Neuroteachers

top 10 tips on how to manage conflict

10 Top Tips for Parents and Educators: managing conflict

Disagreement is a natural part of human interaction. This is particularly the case when dealing with sensitive issues such as the care and education of a child. In this guide we will look 10 top tips which can help prevent conflicts arising or mitigate their effect when they arise. What is open discussion? Be transparent […]

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Fostering inclusion

“Fostering Inclusion: How School Leaders Are Transforming Work Environments for Teachers with Special Needs and Disabilities”

Introduction: In today’s educational landscape, fostering inclusivity for staff with special educational needs and disabilities (SEND) is a crucial aspect of creating a supportive work environment for educators. As with pupils, there are 4 main categories of SEND in adults; physical, medical, and sensory needs, cognition and learning needs, communication and interaction needs and social,

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school refusal

School refusal – Who is refusing? And how can we help?

School Refusal You can probably tell from the title, that I don’t like the term ‘school refusal’. Firstly, it isn’t accurate. The child or young person is not refusing to go to school. They can’t or won’t go because they have experienced school-based trauma. When I’m talking about this topic, I refer to the learner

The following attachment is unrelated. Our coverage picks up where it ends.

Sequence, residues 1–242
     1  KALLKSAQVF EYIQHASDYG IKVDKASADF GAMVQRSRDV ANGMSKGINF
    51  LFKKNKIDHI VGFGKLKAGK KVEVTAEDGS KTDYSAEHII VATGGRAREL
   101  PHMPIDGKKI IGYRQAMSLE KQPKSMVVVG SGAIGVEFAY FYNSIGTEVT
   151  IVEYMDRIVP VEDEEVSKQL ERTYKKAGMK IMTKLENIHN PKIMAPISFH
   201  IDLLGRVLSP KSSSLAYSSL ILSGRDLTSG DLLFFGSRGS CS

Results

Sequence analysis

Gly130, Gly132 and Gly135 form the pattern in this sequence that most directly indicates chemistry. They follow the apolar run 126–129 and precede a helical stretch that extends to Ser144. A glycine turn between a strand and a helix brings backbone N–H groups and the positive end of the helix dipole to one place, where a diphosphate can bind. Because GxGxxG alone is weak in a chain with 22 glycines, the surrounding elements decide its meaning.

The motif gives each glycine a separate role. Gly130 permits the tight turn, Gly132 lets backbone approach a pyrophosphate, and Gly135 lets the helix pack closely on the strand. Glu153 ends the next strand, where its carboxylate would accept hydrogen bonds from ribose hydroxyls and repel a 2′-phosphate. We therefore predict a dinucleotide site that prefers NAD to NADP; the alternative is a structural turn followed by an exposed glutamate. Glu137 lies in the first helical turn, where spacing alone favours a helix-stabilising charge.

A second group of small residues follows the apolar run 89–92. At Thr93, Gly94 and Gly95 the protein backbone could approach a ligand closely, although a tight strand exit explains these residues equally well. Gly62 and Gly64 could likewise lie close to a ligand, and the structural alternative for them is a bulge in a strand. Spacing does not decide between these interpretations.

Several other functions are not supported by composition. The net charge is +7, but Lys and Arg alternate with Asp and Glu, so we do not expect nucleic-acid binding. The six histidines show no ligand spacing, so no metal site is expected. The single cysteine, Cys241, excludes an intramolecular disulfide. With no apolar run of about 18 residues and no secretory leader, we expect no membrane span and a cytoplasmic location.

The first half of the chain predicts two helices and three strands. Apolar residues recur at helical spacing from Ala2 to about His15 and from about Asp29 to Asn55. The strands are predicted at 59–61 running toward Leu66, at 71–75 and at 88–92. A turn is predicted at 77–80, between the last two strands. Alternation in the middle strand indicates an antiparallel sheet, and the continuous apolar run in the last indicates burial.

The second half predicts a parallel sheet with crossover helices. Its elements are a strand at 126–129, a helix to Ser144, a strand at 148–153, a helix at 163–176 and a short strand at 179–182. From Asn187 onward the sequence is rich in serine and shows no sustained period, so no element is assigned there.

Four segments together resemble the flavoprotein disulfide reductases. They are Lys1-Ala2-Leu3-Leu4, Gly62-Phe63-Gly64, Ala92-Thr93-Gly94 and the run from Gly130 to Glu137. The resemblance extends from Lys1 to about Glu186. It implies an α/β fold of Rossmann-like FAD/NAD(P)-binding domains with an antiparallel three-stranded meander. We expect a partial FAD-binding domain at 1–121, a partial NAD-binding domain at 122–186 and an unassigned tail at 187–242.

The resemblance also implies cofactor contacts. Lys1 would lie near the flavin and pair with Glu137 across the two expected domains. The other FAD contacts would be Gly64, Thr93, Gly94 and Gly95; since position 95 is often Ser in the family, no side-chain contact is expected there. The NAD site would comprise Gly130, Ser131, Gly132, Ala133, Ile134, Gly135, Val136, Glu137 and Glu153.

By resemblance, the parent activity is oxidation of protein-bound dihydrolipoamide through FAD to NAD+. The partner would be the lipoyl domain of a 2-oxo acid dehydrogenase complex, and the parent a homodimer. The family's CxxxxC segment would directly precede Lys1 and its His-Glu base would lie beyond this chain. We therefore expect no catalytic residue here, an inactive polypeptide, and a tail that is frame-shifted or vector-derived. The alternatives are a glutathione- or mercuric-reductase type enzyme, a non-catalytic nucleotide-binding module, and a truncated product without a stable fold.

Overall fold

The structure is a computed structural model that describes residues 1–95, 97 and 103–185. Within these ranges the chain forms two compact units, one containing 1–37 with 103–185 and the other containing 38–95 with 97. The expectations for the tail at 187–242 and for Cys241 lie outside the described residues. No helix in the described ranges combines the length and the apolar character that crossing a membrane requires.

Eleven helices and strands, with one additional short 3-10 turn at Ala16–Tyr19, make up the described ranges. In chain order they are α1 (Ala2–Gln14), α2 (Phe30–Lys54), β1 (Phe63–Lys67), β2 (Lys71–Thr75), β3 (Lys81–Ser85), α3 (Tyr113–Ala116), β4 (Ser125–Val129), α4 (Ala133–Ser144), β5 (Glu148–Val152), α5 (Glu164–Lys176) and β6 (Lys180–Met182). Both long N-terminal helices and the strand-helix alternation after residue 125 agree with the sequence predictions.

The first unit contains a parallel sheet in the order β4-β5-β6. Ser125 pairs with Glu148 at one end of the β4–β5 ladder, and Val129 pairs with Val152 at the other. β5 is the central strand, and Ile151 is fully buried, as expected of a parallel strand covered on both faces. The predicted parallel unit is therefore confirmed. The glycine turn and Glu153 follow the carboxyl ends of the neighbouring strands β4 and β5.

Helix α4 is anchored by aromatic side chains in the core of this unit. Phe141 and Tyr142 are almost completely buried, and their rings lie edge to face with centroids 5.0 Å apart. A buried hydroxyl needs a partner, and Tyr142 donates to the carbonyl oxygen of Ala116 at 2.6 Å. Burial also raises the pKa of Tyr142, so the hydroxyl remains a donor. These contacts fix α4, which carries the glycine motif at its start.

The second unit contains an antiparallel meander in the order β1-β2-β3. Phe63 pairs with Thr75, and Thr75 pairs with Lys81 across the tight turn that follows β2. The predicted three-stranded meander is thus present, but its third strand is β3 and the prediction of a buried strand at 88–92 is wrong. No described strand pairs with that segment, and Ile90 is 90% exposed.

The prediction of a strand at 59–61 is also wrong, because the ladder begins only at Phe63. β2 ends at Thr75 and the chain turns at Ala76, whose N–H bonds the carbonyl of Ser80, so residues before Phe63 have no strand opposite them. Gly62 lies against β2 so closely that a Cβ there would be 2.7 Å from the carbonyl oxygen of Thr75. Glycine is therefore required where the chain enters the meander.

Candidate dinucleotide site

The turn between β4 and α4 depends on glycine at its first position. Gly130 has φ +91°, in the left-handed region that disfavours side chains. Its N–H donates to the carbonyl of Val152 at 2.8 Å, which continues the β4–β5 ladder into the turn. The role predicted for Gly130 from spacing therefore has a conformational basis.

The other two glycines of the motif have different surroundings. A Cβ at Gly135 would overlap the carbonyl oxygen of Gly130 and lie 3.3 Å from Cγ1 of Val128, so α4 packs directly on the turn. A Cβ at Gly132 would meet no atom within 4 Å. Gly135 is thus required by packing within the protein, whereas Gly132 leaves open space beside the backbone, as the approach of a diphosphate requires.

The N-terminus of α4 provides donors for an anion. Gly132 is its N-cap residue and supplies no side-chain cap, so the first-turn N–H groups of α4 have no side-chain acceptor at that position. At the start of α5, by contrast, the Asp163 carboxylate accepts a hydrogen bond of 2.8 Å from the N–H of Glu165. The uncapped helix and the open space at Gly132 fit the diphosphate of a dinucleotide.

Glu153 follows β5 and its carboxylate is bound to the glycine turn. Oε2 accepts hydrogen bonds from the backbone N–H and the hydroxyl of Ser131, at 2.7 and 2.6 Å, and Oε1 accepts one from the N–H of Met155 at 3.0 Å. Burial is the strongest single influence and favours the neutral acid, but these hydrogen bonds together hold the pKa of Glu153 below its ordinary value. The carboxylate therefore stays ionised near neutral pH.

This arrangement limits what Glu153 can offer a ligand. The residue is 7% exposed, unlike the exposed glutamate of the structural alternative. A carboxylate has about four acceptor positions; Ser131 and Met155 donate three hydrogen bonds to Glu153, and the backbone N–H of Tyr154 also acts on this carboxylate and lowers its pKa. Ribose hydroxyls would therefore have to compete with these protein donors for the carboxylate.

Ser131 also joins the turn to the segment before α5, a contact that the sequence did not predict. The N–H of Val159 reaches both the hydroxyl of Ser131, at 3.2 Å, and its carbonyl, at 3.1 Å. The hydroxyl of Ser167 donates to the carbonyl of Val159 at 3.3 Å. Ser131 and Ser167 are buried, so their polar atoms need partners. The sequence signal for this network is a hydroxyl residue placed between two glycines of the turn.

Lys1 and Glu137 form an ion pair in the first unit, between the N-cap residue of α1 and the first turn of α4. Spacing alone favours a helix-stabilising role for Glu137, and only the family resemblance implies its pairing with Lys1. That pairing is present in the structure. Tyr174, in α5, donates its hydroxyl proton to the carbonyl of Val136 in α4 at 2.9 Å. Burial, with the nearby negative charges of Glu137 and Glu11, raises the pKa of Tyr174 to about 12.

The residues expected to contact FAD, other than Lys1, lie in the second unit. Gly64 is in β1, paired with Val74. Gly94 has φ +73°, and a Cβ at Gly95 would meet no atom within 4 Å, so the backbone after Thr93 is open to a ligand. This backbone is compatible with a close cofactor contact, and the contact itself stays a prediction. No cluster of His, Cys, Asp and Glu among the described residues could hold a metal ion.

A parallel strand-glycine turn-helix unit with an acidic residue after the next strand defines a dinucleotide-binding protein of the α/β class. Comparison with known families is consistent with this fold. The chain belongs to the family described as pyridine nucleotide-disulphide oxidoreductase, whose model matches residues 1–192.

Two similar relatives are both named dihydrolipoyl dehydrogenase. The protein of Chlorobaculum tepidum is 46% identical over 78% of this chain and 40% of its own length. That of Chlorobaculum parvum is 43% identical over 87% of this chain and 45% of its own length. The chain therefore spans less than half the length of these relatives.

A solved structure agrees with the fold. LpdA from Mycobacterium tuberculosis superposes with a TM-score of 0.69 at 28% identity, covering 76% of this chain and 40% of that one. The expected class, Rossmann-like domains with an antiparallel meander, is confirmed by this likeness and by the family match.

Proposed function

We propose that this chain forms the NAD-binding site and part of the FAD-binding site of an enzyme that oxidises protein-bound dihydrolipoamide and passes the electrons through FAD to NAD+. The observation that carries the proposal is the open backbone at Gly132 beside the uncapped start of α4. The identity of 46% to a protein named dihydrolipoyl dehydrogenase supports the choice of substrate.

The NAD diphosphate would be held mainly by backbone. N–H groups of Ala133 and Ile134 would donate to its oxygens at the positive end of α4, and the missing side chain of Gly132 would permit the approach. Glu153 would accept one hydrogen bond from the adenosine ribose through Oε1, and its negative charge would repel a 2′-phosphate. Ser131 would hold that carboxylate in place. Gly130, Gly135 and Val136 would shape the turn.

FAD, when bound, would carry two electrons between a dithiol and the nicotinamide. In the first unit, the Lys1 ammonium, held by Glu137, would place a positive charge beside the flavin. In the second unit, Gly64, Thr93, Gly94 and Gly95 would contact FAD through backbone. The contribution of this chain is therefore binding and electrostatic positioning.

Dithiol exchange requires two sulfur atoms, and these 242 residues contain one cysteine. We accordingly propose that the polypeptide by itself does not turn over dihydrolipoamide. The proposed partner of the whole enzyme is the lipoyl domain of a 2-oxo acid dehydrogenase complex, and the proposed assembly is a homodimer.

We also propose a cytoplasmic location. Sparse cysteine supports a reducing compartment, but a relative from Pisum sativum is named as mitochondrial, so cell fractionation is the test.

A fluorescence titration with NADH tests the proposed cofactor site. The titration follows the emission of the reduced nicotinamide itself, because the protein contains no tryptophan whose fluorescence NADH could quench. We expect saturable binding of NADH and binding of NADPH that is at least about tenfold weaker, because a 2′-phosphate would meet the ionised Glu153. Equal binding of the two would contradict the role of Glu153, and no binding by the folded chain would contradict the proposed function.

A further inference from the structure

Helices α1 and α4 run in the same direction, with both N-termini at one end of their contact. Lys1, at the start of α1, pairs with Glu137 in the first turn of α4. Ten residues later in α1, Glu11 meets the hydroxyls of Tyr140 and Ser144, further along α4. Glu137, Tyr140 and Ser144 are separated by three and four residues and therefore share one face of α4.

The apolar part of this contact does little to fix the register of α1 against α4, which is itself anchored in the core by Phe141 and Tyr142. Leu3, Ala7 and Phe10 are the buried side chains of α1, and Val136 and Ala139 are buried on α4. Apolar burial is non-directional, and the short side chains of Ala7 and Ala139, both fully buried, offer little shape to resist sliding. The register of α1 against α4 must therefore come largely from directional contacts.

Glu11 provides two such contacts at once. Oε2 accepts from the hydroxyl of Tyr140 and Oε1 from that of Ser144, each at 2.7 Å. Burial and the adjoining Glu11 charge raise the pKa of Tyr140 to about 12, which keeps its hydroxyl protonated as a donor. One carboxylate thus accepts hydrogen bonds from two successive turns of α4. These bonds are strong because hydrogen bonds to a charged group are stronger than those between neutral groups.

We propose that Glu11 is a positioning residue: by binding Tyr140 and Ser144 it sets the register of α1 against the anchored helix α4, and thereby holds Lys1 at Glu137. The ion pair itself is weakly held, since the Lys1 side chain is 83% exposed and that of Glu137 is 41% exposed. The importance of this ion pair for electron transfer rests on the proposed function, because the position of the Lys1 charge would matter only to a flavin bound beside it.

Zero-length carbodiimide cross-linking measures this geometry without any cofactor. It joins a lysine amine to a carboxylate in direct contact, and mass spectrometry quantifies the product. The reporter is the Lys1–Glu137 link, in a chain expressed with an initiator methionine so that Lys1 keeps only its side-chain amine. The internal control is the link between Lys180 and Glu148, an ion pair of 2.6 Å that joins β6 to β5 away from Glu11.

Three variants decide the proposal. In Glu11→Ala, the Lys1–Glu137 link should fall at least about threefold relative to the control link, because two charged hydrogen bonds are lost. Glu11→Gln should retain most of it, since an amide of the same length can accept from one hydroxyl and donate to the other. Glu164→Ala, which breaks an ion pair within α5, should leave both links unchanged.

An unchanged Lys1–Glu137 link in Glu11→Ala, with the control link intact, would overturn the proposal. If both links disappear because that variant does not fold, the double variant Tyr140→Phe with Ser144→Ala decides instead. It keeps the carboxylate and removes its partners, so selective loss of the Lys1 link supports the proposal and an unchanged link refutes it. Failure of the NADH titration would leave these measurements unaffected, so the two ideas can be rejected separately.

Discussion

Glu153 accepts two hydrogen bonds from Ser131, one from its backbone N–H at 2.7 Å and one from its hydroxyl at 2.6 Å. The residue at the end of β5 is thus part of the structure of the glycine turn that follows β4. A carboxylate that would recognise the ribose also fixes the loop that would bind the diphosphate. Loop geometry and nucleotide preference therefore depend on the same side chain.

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school-and-parent-relationships

A SERVE AND RETURN : SCHOOL & FAMILY RELATIONSHIPS

SCHOOL AND FAMILY RELATIONSHIPS ‘Research from Ofsted finds poor relationships with parents can add significantly to low morale and poor wellbeing in teaching’ (Independent Education today, 2019).  On reading this article by Julian Owen on the importance of school and parent relationships, I was compelled to put pen to paper – not only to reiterate

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Differentiation for your neurodivergent learner

Differentiation for your neurodivergent learner tip 1

Adjust the rate of information and allow processing time During my 23 years of teaching, the one thing that has made the greatest difference to both learning and behaviour in my classroom has been allowing processing time. This can be done by adjusting the rate of information or giving more time and space to process,

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image of numerous safe lock combinations illustrating working memory

What is working memory? How can allowing more processing time help working memory issues?

The working memory is function of the mind and brain where we store pieces of information which we only need to remember for a short period of time.    This may include pattern, sequences, codes or instructions. To give you a day-to-day example of this, imagine that you’ve got some kind of passcode from your

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